7. First College Visit: There is nothing that will make you feel older, and more bittersweet, than touring your alma mater with your child. The campus looked and felt so different. And now, so does my first baby. He was every bit as tall as the tour guide and was able to ask the admissions officer intelligent questions about curriculum, advising and study abroad. This time next year applications (I hope) will be out the door.
And just nine short months after that, so will he.
8. Husband Finishing a 5K with our Daughter: In June, my husband ran the Girls on the Run 5k with our daughter. They proudly crossed the finish line together. It wasn't her first race. Nor will it likely be her last; through the program she's discovered the joy of running. But it was likely the final race she and my husband will do together for the foreseeable future. Shortly after the race his knee gave out and he's pretty much down to swimming and the rowing machine these days. It was definitely a reminder to both of us to do what we can with the kids while we are physically able.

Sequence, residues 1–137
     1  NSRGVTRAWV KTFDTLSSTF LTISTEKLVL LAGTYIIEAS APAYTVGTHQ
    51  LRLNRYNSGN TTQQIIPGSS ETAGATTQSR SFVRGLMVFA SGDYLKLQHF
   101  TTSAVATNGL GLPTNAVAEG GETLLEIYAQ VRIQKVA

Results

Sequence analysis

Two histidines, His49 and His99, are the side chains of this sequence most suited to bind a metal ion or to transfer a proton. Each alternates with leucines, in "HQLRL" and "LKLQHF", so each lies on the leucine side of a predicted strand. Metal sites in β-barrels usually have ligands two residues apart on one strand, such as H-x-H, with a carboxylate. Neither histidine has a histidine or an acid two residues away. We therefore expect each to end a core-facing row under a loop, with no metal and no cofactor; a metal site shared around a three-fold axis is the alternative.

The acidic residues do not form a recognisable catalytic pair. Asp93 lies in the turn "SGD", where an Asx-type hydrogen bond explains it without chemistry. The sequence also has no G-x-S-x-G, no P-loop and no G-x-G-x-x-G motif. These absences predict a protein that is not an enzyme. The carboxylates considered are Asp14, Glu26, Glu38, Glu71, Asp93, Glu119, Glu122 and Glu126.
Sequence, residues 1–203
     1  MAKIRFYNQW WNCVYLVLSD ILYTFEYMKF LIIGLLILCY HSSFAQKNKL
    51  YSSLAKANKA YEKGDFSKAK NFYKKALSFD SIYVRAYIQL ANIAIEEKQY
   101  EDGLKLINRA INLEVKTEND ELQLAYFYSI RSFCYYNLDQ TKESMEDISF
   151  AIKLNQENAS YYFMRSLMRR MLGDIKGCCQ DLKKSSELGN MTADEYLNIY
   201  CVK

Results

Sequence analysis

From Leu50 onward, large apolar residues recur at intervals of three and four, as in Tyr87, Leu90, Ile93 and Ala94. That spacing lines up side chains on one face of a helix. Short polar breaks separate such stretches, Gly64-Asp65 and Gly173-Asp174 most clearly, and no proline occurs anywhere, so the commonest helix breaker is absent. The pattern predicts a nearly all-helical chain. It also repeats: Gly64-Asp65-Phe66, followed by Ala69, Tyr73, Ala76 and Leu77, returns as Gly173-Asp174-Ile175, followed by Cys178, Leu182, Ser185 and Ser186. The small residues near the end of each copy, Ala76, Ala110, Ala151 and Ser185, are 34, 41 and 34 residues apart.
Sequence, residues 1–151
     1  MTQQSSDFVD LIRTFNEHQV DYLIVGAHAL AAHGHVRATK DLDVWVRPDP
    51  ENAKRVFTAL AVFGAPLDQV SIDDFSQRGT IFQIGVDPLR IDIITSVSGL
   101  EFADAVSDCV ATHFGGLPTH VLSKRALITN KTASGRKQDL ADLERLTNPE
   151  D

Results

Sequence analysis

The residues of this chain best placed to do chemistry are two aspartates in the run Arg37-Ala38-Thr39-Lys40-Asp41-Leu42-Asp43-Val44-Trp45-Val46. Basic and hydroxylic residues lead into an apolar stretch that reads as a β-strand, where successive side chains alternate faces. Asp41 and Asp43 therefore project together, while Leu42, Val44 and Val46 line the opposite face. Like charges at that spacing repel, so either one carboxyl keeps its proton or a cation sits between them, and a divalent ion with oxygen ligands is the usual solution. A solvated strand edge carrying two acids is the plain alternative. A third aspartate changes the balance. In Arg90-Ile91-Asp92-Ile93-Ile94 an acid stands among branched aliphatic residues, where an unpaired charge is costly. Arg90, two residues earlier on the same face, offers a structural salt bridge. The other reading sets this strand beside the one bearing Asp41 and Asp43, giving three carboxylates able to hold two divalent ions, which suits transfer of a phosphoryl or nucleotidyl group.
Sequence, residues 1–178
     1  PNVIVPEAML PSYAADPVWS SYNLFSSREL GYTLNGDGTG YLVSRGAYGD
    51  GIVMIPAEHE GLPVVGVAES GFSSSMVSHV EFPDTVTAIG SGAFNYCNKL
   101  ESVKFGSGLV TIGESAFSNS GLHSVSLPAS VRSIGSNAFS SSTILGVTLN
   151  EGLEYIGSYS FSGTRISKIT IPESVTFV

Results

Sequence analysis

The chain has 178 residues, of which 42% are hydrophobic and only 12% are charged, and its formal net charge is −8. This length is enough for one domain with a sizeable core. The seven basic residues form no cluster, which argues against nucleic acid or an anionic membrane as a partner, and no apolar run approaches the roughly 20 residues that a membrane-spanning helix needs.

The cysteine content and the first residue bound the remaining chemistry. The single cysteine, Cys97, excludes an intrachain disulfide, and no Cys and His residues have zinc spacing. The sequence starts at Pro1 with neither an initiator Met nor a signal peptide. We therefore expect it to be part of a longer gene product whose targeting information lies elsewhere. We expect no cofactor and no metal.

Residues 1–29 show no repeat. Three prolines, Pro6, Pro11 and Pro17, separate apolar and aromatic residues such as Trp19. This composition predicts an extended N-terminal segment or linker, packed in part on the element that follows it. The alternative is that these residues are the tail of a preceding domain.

They are not getting any younger. More importantly though, neither are we.
9. Son Cutting his own Hair: But just when I start to feel parenting is a never-ending series of "Sunrise, Sunset" moments, one of my kids will do something to remind me that no matter how chronologically old he or she may be getting, immaturity still reigns. Like last week, when my middle school son, frustrated that his hair was getting a little mullet-esque, took a pair of kitchen scissors out of the drawer, retreated to the upstairs bathroom and gave himself an awkward version of the haircut Demi Moore sported in Ghost. Fortunately, a trained professional was able to see him the next day. Now it's more like Demi Moore in GI Jane.
Yes, I thought that viral video of "the worst haircut ever" that circulated earlier this fall was adorable, but that girl was five. Not fourteen.
10. Surviving Vacation: The whole family went on vacation this summer and shared a single room the entire time. There were arguments aplenty on sleep arrangements, whose toothbrush was whose, and whether the History or Disney Channel would reign supreme on the hotel TV.
But we returned home a week later still talking to each other.
And if that's doesn't warrant a spot in the Top 10, I'm not sure what does.